temple idol of west bengal

The Pala and Sena dynasties are considered to be the great era of temple architecture in West Bengal. Bengal saw a great deal of sculpture between the ninth and twelfth centuries. The temple idols of West Bengal are represented by terracotta and bamboo. Regular architectural elements of these temples include the double temple structure or ‘Jor Bengali’ use of brick and laterite, lavish decorations and more. The influence of folk architecture is also clearly visible in the temple art and architecture of West Bengal. The Gupta style has a regional character in the temple sculpture of Bengal. This regional style contributed to the development of art-styles during the most extensive period of sculpture in Bengal between the ninth and twelfth centuries. Sculptures from this period represent all major and even minor sculptures associated with Brahmanical Hinduism, Buddhism and Jainism. The idols of Pala and Sen dynasties are carved in different types of black stone. Human figures are central to Pala and Sen art. The basic physical type is derived from the magical arts.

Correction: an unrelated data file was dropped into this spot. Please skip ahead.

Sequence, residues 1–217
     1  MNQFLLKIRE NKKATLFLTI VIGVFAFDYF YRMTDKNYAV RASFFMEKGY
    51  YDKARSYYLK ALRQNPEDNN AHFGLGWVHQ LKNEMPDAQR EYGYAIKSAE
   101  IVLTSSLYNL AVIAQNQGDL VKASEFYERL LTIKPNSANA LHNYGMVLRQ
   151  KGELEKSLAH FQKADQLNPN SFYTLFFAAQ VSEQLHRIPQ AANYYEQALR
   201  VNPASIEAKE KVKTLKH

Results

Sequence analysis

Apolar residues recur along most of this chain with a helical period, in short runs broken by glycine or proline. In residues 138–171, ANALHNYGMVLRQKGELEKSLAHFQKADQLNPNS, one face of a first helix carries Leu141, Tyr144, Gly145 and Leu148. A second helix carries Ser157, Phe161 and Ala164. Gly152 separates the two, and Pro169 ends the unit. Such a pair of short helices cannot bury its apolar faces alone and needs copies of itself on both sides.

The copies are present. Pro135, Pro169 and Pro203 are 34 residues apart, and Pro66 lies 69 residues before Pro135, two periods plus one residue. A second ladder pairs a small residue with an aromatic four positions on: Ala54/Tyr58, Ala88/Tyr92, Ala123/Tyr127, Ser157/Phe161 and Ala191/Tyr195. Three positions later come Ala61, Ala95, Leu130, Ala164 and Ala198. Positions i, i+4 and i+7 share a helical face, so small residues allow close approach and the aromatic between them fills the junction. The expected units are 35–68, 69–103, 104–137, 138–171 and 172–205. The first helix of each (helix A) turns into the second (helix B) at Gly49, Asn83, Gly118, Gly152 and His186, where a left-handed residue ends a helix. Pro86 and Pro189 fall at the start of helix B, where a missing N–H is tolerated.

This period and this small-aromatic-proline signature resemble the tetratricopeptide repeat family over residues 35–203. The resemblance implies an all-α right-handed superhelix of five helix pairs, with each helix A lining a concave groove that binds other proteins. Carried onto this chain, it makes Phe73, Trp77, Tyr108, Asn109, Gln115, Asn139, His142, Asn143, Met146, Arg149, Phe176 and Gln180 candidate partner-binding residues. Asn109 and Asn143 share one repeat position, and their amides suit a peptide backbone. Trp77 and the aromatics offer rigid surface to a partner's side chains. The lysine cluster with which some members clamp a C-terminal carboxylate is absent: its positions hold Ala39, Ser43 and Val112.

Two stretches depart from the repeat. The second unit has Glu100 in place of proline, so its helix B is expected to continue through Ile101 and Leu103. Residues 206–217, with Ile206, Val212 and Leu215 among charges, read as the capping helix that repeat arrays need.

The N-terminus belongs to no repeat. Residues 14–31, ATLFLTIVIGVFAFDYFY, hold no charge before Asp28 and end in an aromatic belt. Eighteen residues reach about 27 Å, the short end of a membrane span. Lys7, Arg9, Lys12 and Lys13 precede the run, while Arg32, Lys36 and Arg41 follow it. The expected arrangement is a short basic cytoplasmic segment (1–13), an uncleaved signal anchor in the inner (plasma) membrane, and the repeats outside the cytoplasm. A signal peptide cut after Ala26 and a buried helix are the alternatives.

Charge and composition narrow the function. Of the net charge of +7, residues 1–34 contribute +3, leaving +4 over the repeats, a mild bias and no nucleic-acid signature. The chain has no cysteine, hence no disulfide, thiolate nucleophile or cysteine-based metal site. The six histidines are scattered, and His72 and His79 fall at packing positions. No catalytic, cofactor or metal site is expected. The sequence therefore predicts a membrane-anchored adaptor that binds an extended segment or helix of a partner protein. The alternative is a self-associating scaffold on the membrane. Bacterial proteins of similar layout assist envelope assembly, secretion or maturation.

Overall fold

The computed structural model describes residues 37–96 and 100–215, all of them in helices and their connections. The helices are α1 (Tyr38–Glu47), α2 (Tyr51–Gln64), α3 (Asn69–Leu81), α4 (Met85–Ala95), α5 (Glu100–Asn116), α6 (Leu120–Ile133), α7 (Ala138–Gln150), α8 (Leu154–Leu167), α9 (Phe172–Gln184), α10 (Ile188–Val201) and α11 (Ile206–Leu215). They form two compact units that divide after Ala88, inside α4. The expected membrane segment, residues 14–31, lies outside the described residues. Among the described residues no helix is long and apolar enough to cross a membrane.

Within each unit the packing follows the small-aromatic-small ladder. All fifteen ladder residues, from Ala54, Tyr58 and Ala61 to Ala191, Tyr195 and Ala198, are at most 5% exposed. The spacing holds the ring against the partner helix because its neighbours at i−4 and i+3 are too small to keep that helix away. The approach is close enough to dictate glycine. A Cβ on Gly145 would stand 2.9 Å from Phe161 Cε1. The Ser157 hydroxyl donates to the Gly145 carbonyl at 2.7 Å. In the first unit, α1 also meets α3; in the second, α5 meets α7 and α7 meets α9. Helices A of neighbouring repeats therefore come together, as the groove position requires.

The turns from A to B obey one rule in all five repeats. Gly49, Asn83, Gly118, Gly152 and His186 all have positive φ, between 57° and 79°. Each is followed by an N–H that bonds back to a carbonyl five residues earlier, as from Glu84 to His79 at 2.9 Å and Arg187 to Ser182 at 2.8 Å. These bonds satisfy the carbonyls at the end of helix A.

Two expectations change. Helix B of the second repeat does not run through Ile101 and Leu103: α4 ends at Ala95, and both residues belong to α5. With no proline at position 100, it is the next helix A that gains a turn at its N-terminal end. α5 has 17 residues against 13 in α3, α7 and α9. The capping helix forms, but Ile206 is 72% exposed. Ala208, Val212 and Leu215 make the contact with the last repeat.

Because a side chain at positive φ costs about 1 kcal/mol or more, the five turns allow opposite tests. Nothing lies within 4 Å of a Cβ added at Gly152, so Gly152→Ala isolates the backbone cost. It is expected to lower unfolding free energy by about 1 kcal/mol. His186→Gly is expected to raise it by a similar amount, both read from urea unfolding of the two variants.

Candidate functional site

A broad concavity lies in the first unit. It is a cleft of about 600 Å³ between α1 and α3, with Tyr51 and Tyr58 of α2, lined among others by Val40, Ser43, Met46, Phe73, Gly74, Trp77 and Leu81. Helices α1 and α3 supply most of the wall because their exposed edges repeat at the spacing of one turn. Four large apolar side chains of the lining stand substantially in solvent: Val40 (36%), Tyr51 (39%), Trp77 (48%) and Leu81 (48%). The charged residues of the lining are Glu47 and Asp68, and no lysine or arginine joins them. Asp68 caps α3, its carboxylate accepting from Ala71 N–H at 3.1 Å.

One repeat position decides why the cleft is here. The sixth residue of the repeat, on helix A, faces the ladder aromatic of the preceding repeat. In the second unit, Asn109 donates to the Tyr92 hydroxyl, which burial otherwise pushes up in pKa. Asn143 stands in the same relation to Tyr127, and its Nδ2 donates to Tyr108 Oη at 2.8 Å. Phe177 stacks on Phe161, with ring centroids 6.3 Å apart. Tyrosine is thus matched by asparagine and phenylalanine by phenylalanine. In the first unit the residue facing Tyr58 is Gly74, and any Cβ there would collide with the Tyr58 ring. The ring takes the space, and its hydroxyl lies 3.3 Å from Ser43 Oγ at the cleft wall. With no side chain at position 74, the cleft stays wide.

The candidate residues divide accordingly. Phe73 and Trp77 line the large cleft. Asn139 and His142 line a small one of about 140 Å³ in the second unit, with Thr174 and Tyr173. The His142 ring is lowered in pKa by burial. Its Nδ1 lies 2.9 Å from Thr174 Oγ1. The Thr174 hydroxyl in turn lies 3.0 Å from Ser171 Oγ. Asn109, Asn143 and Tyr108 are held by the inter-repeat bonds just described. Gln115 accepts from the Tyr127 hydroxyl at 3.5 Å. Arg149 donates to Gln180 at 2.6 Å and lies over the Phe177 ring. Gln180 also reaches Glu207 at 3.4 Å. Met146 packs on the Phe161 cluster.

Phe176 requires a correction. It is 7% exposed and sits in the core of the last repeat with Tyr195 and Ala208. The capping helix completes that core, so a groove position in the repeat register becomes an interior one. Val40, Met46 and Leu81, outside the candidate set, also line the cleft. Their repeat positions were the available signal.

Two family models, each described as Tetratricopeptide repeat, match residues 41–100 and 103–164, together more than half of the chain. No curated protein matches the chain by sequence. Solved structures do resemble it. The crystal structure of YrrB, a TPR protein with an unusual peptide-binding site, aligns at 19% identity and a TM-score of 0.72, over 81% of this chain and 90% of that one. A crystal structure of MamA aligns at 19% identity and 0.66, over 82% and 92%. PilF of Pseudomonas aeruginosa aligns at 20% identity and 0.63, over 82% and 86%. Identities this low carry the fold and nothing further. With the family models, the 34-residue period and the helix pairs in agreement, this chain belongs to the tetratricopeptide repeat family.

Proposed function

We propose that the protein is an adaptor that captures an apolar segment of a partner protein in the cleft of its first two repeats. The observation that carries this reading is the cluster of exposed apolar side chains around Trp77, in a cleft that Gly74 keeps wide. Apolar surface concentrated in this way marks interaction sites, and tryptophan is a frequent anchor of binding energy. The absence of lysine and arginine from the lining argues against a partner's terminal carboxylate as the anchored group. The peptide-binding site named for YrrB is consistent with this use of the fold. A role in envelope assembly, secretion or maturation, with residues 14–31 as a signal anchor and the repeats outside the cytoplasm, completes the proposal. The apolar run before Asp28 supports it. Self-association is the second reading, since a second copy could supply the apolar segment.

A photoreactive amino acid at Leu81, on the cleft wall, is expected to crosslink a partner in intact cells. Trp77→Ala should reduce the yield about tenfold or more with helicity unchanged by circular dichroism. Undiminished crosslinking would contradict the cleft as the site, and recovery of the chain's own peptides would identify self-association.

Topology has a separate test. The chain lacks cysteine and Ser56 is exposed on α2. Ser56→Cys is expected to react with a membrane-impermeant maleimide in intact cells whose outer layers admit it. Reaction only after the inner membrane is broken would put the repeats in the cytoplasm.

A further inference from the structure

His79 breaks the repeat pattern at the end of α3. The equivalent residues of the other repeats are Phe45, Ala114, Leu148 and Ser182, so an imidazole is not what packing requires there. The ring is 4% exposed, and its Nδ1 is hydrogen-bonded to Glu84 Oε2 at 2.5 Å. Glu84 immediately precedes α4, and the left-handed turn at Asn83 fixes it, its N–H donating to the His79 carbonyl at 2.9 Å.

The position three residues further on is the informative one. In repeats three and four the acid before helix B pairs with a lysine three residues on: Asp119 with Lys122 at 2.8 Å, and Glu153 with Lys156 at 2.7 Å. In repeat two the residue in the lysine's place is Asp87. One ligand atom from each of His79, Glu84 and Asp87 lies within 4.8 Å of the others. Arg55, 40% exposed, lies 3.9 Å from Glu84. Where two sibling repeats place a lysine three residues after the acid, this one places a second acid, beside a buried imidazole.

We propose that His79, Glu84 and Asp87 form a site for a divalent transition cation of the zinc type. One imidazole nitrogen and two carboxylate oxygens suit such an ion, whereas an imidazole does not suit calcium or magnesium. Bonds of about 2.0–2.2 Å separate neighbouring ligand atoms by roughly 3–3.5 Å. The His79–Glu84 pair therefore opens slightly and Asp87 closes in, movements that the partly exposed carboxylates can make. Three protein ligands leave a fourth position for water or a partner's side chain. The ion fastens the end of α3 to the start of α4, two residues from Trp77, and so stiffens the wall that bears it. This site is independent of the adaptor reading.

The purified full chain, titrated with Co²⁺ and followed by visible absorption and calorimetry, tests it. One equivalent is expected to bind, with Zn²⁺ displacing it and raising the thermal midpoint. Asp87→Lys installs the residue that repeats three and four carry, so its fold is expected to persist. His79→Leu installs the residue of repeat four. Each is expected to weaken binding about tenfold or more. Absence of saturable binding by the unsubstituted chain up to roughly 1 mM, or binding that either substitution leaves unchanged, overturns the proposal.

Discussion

In the 11th century, preference was given to people with lean, slender and tall bodies. Sensitivity to facial expressions remains. By the 12th century, the style lacked innovation. Bishnupur was the capital of the Malbhumi dynasty. Bishnupur has 30 temples (17th-18th centuries) with terracotta sculptures. Lord Krishna is enshrined in most of these temples. There are seven temples on the southern outskirts. The most famous Ratna Mandir of Bishnupur is made entirely of laterite. The Jora Temple is a group of three temples with sculptures of Ramayana on their walls. Various stories from the Puranas and stages of Krishnalila have been reproduced on the walls and pillars. Laterite stone has been used in the construction of some temples and the temple of Gokul Chand in Sealdah village of Bankura district is a unique example. A clear influence of the Odisha type is seen in some of the shrines of the Rekha Deva Temple. These are also excellent examples of craftsmanship. The sculptors of Bengal are known for their delicate paintings. Hansbeshree Temple Banshberia, Hooghly West Bengal is another example of fine craftsmanship. It is also known for its terracotta works. The Ananta Vasudeva temple is associated with terracotta sculptures located in the Hangeshwari temple complex. The Madanmohan temple has many sculptures and designs which reflect the influence of different generations of landlords of the village. This temple is about 400 years old.

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